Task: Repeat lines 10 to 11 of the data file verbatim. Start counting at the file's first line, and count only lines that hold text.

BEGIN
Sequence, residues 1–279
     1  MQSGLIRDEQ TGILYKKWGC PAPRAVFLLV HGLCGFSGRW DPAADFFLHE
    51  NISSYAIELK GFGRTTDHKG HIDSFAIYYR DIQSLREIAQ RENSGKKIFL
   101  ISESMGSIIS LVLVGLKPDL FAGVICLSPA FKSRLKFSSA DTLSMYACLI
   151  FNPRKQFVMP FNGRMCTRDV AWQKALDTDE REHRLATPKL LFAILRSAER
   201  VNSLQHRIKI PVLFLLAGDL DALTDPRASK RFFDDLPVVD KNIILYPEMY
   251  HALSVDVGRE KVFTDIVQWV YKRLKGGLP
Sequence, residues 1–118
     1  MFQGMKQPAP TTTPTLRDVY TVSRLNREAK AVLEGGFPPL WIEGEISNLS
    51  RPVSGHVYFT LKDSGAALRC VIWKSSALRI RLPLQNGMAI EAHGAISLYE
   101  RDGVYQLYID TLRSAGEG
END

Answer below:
    51  RPVSGHVYFT LKDSGAALRC VIWKSSALRI RLPLQNGMAI EAHGAISLYE
   101  RDGVYQLYID TLRSAGEG